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Now in some other posts, the ground subsidence, caused by mining, has been mentioned. Way back in 1866, it was a bit more of a problem, given that the Earl of Dudley, could dig exactly where and when he liked. He did though, from time to time, build, or for a small rent, allow a few houses on his land. Such was the case at a little place called Newtown, situated between Cradley Heath, and Old Hill. The place grew over the years, and by the time of this tale, it had quite a few houses, and at least 4 Pubs. The Licencee of one of them, was Matthew Tromans, a Chainmaker by trade, who, with his wife Susannah Tromans, ( nee Fleming ) and most of his family of 8 Children, all resided at the premises. For anyone researching the names, Matthew was born in Newtown in 1816, and his wife was born about 1817 in Lye. They were married in Wordsley, in 1838, and all of their children had Biblical names.
He had been there a number of years, and over time, had noticed that a number of cracks had appeared in the walls. As they had at a good many other places in Bowling Green, and Newtown. This was not unusual in Cradley Heath, and he had adopted the standard practice of the time, " cramping " the house which iron rods, and buttressing the place with tree trunks. On the afternoon of the 4th Dember,1866, a huge hole suddenly appeared in the back yard of the Pub. Matthew Tromans had been struck with what was known as a " Crowner ", the sudden collapse of the ground into mineworkings, that got bigger and bigger. Poor old Matthew had to stand and watch in horror, as first the Cart Shed, the Brewhouse, and finally the back Kitchen disappeared into the huge hole. With them went several barrels of beer and cider, as well as all the untensils used for brewing and cooking. If that wasn't bad enough, the collapse produced a large quantity of " Sulpherous Gas " from the mine below, which I should add, was owned by the aforementioned Earl Of Dudley. I suppose, like most of us, he could have coped with just this, but oh no, the gas now caught fire, the flames reaching higher than the pubs roof. All the heat set fire to the wooden windows and shutters, and as there was a strong wind blowing, the Pub was soon onfire as well. Luck now came to poor Matthews aid, as the Dudley Firebrigade, such as it was, arrived on the scene and put out the fire, allowing him to rescue some of his possesions. This respite didn't last long, as the hole steadily got larger and larger.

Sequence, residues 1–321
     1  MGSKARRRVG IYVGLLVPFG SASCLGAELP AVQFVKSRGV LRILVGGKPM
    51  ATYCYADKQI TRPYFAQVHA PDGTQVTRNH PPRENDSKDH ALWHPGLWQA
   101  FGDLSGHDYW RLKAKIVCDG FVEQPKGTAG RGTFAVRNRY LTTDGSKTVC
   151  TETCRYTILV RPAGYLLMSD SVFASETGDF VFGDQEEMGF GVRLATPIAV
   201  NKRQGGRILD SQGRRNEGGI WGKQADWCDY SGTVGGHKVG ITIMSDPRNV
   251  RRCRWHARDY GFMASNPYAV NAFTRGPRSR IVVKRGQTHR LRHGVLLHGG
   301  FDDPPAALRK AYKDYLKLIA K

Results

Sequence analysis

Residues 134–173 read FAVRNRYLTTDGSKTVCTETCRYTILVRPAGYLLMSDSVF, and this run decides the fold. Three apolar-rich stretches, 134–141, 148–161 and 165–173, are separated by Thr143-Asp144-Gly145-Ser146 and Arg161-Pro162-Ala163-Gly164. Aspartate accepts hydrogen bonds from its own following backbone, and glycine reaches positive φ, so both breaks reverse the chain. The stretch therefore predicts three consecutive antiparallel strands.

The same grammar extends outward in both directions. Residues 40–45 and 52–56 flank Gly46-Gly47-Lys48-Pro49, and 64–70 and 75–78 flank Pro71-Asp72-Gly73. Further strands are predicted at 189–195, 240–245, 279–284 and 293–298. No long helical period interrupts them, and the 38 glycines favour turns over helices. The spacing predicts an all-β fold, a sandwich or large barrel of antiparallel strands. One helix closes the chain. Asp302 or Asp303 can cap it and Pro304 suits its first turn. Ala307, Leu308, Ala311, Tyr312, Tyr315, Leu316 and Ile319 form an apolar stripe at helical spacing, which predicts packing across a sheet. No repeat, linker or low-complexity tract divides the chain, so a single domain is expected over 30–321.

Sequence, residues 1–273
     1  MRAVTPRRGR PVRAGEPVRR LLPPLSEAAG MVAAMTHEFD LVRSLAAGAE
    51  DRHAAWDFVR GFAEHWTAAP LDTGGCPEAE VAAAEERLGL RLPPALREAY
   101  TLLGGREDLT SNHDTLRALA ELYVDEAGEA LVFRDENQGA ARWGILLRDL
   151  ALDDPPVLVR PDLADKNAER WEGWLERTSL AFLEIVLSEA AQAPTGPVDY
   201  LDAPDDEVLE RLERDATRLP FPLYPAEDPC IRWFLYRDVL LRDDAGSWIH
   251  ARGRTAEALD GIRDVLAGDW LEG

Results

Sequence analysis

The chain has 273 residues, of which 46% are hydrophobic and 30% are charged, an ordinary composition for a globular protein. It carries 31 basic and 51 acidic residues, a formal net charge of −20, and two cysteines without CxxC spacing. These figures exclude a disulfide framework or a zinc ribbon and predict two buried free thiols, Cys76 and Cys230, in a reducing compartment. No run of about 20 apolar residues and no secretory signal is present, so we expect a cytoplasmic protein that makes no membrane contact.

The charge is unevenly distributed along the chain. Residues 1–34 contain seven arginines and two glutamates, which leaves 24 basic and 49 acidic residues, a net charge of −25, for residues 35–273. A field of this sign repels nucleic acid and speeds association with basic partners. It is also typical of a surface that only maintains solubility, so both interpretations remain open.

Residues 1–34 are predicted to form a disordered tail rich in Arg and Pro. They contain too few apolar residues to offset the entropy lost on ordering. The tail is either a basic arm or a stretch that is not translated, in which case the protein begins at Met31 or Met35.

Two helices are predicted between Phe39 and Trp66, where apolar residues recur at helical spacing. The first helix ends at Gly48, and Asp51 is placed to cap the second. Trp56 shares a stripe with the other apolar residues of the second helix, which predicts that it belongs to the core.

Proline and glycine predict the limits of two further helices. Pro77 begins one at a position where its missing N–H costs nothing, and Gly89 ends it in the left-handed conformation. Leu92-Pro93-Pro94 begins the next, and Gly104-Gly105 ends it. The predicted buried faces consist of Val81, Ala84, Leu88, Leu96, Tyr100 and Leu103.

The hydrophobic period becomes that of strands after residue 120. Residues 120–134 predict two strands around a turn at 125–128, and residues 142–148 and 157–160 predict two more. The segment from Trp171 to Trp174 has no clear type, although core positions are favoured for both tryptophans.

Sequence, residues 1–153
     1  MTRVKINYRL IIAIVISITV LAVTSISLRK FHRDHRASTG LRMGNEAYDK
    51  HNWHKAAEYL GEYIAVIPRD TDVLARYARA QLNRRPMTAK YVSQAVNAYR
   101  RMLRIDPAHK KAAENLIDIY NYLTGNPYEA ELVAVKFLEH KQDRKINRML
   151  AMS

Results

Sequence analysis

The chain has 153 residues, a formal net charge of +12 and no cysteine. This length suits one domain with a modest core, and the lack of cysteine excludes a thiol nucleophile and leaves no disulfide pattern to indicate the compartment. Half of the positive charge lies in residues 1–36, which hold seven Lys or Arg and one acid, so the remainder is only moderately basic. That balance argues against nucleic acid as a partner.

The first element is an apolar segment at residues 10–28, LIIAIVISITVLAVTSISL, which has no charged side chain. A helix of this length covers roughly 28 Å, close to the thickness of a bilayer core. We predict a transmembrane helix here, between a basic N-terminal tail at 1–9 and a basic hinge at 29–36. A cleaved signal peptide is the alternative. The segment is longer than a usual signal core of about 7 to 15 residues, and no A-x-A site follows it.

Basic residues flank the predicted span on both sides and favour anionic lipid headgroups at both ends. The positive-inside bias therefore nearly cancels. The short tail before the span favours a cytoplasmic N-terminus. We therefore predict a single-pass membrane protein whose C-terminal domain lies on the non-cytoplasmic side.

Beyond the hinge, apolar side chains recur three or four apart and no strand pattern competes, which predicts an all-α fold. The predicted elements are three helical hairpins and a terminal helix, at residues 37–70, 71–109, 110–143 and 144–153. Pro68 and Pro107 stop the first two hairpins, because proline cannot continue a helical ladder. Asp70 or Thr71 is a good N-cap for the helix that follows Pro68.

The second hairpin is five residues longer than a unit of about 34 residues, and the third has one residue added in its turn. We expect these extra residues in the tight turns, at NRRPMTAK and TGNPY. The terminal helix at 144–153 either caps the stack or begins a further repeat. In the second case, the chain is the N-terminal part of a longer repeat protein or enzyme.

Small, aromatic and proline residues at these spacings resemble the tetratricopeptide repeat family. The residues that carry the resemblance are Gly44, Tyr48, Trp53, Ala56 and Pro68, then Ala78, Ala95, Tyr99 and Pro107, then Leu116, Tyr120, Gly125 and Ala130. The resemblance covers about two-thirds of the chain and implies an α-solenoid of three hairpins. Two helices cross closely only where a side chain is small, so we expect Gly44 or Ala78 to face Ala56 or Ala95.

News of the strange happening soon spread, and within a short space of time, hundreds of people had gathered at the scene. Nothing like a good disaster to get the neighbourhood out for a good old gawp is there. With the extra help, Matthew managed to save most of his furniture, clothes, Linen, and the beds. Just in time as turned out, as the entire rear of the Pub now also disappeared into the large black hole. Bricks and Timber were valuable items in 1866, so working at a frantic pace, his friends,neighbours and previous customers, began tearing down what was left of the house, piling it up a safe distance from the still growing hole. He was to be grateful for all this help, as the Earl of Dudley, as per his right to dig where he liked, never ever paid compensation to hapless house owners.Matthew Tromans and his family were lucky, as were the men drinking in the Pub at the time, twenty feet nearer, and they would all have unintentionally gone mining. There's no record of the barrels of beer or cider being recovered at any stage, perhaps the miners, who cleared up the mess, had a good few days underground.
A wonderful thing is work, I could watch it all day. ( See my Blog entry )
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